Why is cross-cultural awareness important in language training and learning? Take the lingua franca of the international business world, for instance. Today, countries and organisations across the globe do business in a common language, English. Many European and Asian countries teach English as the second language to their children. After the dissolution of the former communist USSR, English became the favoured language of many former soviet republics aiming to become a part of the global society. Georgia, for instance, made a key linguistic switch: English mandatory for all students whereas Russian was optional.
With all this investment in English language teaching, are learners across the globe speaking the same language? And are they speaking it the same way? You may learn the technical parts such as grammar and punctuation, but what about the nuances, about what words connote and not simply denote? Moreover, does your cultural identity determine the style and register in your usage of the world’s lingua franca?
It most certainly does. And therefore, for those in an international setting, an appreciation of what lies beneath the more obvious differences in cultures is vital in teaching and learning a language. In understanding culture, the obvious differences in customs, clothes, food, etc. are easier to see. However, it is the hidden differences like the mind-set, values, beliefs, attitudes, sensibilities, prejudices and preferences that also determine how we communicate, whichever be the language of our choice.
Let’s look at three examples to understand the differences in the use of English between Asian speakers of English such as the Japanese or Indians and those native English speakers:
1. Nouniness and Verbiness
Indians and Japanese tend to use more nouns which make the language heavy and cumbersome; native users of the language, on the other hand, use more verbs which make the language more direct and dynamic.
E.g. “The candidate submitted an application for the job.” vs. “The candidate applied for the job.”
“The police conducted an investigation into the murder.” vs. “The police investigated the murder.”
The nominalisation in the former examples, which makes the language wordy, is related to an attitude, even among many Indians who have acquired English through academic studies that using big words and complex sentences make language impressive. This results in verbosity.
The point a trainer needs to drive home is “Speak or write to express, not to impress.”
2. Use of Passive Voice
Native-users of English prefer the active voice whereas Asian users tend to use the passive voice more. This directly relates to how they communicate in their own language.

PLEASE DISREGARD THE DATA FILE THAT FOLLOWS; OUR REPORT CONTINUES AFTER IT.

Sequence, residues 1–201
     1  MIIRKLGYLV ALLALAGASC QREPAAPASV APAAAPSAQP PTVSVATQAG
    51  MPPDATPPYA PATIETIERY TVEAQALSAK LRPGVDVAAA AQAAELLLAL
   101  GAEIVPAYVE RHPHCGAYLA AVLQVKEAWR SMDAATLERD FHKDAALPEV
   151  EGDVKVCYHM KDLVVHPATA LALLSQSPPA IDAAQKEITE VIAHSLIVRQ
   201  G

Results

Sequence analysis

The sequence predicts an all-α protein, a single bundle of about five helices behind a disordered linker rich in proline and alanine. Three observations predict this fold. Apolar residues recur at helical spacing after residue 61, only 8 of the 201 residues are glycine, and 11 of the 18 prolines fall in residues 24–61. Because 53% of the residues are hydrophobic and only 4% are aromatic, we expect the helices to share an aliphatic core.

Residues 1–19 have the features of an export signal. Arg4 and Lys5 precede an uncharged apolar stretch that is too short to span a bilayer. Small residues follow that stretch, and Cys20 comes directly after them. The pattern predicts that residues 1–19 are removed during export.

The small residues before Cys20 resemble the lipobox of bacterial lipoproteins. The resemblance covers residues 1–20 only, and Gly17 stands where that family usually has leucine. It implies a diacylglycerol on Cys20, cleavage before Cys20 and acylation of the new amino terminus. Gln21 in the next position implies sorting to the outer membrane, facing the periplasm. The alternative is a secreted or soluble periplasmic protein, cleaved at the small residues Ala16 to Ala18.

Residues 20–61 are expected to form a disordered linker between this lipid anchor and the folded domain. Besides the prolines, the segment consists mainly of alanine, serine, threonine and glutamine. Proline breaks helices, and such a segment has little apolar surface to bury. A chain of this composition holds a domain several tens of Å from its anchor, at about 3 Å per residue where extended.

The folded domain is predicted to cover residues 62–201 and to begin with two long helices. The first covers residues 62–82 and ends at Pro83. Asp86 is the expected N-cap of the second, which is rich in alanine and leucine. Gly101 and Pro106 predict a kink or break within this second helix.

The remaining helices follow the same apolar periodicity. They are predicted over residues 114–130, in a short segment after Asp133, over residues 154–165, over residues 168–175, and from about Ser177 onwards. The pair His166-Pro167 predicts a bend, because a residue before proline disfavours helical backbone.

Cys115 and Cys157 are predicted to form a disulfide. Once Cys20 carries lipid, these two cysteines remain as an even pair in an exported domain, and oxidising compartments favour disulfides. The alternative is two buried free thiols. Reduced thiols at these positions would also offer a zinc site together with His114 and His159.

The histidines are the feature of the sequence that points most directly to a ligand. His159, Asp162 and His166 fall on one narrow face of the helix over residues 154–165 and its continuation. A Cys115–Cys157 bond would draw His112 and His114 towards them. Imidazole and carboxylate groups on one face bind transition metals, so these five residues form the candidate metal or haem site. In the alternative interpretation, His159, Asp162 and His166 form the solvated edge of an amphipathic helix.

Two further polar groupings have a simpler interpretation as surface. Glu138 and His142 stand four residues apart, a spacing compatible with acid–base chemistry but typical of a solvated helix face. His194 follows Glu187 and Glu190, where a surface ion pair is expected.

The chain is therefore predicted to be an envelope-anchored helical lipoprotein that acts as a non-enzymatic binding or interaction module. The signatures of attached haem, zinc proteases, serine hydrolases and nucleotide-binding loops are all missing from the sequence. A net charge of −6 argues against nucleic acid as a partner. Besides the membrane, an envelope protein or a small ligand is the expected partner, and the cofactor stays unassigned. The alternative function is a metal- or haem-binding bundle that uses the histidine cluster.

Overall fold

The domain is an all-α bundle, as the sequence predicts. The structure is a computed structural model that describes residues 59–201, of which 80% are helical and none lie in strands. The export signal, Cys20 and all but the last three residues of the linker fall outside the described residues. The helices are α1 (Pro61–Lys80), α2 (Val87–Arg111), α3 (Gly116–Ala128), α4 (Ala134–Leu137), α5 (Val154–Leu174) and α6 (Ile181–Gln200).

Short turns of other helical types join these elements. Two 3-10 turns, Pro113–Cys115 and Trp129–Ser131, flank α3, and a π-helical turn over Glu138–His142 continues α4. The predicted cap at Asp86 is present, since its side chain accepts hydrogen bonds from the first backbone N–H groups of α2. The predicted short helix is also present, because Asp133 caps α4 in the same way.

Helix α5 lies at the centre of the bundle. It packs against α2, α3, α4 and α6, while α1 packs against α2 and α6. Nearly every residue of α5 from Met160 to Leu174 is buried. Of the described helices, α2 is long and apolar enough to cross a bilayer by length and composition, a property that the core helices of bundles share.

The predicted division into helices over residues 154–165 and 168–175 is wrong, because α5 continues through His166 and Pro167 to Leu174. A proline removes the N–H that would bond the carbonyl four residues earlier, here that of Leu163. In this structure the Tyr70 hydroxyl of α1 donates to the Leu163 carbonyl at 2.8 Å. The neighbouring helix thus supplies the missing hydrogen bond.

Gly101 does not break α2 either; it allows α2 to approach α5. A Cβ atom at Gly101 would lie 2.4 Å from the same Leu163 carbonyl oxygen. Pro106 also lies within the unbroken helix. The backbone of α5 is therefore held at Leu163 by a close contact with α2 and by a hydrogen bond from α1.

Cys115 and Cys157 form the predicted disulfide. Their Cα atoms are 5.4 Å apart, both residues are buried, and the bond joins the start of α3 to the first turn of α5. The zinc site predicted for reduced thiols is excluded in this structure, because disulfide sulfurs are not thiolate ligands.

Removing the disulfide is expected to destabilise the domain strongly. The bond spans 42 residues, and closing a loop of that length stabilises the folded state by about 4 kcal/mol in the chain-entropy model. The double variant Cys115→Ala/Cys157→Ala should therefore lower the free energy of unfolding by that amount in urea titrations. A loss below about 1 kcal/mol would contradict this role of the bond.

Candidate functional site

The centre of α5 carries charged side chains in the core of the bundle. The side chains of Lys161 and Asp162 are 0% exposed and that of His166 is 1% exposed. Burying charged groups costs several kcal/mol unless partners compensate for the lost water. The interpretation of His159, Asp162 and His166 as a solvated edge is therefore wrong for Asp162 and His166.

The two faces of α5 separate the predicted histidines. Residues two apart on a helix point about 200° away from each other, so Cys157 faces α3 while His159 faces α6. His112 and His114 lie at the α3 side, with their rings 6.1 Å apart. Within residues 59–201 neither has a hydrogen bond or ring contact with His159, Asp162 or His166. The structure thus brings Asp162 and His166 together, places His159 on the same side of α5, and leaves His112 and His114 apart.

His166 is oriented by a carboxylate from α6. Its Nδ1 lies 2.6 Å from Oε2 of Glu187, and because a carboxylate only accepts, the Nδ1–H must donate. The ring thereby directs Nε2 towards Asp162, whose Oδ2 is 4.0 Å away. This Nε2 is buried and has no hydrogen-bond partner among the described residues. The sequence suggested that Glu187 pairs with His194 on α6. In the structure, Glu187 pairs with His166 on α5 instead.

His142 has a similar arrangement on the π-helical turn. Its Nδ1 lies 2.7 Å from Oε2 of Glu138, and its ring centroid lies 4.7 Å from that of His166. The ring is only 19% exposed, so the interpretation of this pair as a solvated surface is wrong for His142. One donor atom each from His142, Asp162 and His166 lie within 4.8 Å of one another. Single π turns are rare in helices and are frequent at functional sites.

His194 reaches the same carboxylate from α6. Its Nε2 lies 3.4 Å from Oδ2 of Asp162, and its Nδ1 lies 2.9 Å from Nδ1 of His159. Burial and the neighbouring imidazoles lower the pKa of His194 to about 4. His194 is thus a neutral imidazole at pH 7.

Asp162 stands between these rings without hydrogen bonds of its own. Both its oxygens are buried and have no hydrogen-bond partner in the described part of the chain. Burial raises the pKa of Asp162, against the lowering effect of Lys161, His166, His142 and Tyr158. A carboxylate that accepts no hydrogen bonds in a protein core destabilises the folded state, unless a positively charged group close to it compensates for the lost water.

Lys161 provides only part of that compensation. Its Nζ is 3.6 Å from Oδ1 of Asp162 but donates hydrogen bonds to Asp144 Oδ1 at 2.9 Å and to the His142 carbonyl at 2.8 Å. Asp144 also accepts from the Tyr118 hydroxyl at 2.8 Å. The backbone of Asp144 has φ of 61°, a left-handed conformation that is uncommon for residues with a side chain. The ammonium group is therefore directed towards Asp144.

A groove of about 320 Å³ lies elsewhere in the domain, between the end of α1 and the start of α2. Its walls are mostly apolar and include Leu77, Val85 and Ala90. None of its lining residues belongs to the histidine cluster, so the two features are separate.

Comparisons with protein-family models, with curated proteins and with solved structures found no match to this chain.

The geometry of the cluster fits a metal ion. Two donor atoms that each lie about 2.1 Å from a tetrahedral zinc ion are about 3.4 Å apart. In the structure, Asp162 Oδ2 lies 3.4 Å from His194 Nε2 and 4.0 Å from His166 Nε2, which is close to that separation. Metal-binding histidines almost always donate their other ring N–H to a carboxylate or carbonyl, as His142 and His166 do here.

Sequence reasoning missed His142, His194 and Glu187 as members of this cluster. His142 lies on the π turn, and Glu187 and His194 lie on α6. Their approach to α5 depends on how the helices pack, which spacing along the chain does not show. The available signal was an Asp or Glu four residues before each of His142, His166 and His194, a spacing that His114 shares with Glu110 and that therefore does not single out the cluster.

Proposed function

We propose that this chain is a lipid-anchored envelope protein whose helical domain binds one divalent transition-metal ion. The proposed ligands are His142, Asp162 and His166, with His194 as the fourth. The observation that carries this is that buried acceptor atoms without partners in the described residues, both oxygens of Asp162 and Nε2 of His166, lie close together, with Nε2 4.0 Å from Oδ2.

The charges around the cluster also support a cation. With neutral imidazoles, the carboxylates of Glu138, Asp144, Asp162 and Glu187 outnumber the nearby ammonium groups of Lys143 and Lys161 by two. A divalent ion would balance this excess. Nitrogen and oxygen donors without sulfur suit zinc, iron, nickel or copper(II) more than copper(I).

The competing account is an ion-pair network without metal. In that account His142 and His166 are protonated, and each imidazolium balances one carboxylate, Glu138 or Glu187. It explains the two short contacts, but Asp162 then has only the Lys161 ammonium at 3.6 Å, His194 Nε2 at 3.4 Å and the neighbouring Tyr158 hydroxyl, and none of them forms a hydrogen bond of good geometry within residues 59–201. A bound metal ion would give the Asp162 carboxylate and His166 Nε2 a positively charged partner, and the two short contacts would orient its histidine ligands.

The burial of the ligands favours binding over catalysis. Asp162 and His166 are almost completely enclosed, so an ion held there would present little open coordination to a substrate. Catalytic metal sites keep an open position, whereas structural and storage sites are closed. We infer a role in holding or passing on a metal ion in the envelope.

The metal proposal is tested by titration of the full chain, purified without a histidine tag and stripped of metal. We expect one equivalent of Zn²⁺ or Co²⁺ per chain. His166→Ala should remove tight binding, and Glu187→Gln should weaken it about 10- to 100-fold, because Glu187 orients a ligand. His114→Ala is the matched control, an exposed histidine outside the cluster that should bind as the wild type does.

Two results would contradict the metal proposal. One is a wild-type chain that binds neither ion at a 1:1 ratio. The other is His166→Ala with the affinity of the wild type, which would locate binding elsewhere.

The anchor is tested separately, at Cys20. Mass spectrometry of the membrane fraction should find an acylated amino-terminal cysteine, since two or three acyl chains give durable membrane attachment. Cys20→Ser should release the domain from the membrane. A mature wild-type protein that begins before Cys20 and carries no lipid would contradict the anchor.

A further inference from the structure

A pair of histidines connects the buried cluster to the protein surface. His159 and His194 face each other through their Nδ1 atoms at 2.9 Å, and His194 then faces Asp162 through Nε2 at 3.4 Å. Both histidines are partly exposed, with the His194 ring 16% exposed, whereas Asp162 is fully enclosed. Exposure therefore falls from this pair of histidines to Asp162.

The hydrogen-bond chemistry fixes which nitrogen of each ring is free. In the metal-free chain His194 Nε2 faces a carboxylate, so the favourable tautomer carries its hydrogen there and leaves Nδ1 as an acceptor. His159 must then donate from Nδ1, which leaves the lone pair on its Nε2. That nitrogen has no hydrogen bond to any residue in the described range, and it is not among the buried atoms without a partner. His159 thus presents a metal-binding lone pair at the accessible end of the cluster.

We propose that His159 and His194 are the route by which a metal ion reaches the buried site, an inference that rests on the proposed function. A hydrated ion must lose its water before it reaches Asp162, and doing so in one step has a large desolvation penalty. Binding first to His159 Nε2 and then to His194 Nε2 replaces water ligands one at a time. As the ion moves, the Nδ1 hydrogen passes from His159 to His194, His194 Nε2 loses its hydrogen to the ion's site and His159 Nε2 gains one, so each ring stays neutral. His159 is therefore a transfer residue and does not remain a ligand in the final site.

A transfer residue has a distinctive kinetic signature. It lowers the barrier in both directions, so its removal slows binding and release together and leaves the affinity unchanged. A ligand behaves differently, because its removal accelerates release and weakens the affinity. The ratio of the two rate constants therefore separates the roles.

E.g. Native Japanese speakers who want to treat their colleagues to lunch will politely say: “Watasi ni harawasete kudasai”, which corresponds to “Allow the bill to be paid by me.” The English “Let me pay” or “I’ll pay” would sound a bit rude and abrupt. Japanese or Indians are more reserved and formal, and the impersonal or distanced nature of passive voice matches their sensibility better. The western attitude prefers brisker “who did what” style of the active voice.
The point for the trainer here is to impress upon the English learners to make active voice the voice of their choice in every day communication or in business English, barring exceptions in negotiating or persuading where tone and politeness need to be kept in mind.
3. Direct and Indirect Expressions
Japanese and Indians find it rather more difficult to say “no” directly. It can sound rude or “in your face”. They would rather imply a negative than say it out loud. This can cause misunderstanding as westerners sometimes might assume a deal is done and dusted, whereas there was never a “yes” implied.
E.g. “Kangaete mimashoo” or “Let me think about it” can often mean an “I’m sorry, no”; a “Ah, soo desu ne” or “Ah, that is so”, depending on the intonation could mean, that is not so; or even a “Wakarimasita” or “I understand” could simply indicate understanding and not necessarily agreement. An Indian may say “Haan ji” or “Theek hai”, which when literally translated means “yes”, rather than the more direct “No” or “I can’t” which makes them uncomfortable or embarrassed. It could sometimes even be simple face-saving. Westerner are often frustrated at this “miscommunication” and at times even question the honesty of the communicator.
Training becomes essential in creating cultural awareness in sensibilities that include the concept of “face”, and that meaning sometimes lies between the lines, in the intonation and body language. Asians, on the other hand, need to understand the more direct “cards on the table” style of, for instance, their American counterpart where no impoliteness is intended. Because our beliefs and values are reflected in our communication, we need to share more than just words when we switch languages; we need to share and empathise with the other’s sensibility, attitude and thinking.
There are two lessons here for organisations and trainers:
i) Train employees in cross cultural awareness so the ‘hidden’ cultural differences like attitudes and values are understood and appreciated
ii) Note that sensibilities need to shift according to the language spoken, i.e. when using English, be more direct and precise, use the KISS principle of keeping your language short and simple, but without ever being rude or unprofessional; when using other languages, for example Asian ones, match your style to suit the more formal and indirect mindset of your audience or readership.
Our ability to communicate, negotiate and influence will be more effective and fulfilling if we truly learn to speak the same language, both verbal and non-verbal.
© Communicaid Group Ltd. 2013